Ripley's 'Believe it or not' called it "New York's Mt. Rushmore."
Another, less generous appraisal termed it "a monument to vanity." Some have called it one of the earliest Civil War monuments in the nation.
Zaddock Pratt (1790 – 1871) was an early settler of Greene County who worked hard and rose in his career from a tanner, to a banker, to a soldier, and then finally to the House of Representatives. He built the largest tannery in the world (at the time), founded the town of Prattsville, and is credited with proposing the transcontinental railroad during his second term in the House. He even established a bank, named for him, that printed its own currency. While the bank closed within a decade, Pratt’s legacy did not fade into history.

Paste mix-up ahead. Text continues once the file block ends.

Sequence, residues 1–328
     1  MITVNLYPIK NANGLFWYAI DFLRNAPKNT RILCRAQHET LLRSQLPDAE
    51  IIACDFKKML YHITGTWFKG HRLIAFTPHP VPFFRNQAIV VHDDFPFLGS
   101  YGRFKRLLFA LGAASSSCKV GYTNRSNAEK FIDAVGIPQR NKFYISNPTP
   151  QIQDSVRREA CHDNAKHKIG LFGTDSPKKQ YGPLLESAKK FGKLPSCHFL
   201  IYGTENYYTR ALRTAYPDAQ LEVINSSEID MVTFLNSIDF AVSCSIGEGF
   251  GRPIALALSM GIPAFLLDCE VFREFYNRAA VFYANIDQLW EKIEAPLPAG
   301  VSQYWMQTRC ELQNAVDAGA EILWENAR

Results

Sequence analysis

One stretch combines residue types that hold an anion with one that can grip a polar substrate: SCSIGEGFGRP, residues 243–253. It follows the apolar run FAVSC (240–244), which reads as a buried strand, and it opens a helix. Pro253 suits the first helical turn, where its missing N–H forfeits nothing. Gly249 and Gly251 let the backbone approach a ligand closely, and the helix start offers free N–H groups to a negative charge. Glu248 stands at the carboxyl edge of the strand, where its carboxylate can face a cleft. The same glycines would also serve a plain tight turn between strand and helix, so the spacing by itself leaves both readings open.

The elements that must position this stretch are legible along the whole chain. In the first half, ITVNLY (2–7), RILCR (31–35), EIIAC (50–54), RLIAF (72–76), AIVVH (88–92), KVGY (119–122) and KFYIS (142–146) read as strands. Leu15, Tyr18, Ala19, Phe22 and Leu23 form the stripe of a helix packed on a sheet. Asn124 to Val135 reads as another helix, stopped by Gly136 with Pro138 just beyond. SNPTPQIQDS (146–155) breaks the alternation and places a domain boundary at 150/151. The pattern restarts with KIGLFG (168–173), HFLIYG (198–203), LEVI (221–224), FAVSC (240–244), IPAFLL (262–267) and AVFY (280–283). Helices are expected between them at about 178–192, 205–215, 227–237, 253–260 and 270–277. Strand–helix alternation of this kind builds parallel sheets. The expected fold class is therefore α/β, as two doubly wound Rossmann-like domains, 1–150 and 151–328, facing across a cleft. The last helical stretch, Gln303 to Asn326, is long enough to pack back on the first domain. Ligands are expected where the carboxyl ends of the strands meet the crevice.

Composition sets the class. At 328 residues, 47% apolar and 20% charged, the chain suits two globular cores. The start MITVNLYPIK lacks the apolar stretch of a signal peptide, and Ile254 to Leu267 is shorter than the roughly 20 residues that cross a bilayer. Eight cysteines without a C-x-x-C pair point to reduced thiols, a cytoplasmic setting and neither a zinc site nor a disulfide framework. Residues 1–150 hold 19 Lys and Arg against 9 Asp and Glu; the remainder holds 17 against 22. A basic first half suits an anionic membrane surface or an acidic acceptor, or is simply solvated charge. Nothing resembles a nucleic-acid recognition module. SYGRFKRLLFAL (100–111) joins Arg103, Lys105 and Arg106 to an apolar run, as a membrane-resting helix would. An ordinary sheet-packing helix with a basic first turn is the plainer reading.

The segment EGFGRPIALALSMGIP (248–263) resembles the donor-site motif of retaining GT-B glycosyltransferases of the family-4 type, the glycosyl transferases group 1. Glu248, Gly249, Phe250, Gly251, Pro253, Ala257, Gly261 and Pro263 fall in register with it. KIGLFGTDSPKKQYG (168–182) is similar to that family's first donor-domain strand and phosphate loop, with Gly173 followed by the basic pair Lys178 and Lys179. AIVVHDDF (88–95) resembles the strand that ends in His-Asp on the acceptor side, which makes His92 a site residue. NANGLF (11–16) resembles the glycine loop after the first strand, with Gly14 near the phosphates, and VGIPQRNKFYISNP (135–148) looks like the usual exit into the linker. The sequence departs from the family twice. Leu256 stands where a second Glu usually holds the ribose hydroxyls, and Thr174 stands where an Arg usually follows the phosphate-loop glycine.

When he reached the pinnacle of his career, he commissioned stone workers to immortalize his life’s achievements on a nearby cliff. The result is a series of carvings in stone depicting the highlights of his life, such as his self-portrait and that of his son’s, a horse, an arm holding a sledgehammer, and his birth date.
Located off Route 23E on the outskirts of Prattsville, the Pratt Rock hiking trail is great for beginner hikers and cultural adventure fiends. At 3.1 miles round-trip, it’s short but the climb to the rocks is steep, and may be unfit for young children.
Wear sturdy shoes, practice safe hiking and make sure to visit the Zadock Pratt Museum to learn more about Prattsville’s founding father. Open every day, there is no admission.